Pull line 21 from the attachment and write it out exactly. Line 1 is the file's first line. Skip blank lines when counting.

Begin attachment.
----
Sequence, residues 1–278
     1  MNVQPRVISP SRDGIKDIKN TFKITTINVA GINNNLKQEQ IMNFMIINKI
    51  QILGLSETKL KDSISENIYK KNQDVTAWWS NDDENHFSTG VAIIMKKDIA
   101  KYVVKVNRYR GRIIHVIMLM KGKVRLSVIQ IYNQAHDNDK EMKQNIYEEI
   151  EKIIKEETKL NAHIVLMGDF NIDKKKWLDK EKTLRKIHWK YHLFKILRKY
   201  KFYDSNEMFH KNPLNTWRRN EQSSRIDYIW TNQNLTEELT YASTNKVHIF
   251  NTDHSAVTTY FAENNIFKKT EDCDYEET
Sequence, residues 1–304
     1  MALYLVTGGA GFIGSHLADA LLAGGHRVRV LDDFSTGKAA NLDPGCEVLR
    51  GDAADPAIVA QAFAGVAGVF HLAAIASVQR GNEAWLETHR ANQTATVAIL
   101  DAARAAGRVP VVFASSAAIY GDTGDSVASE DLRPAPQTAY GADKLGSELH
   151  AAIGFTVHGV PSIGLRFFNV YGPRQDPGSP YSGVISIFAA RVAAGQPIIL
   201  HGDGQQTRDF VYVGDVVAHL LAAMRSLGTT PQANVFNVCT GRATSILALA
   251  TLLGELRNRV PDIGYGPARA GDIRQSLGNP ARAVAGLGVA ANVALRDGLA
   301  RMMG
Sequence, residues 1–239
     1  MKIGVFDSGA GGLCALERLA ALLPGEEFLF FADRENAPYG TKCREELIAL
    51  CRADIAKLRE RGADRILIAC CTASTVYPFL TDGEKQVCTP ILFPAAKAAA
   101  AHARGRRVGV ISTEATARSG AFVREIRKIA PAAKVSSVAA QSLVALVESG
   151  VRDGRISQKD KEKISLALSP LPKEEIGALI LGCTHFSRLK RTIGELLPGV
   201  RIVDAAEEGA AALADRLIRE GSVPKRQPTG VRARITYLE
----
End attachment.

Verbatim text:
   201  RIVDAAEEGA AALADRLIRE GSVPKRQPTG VRARITYLE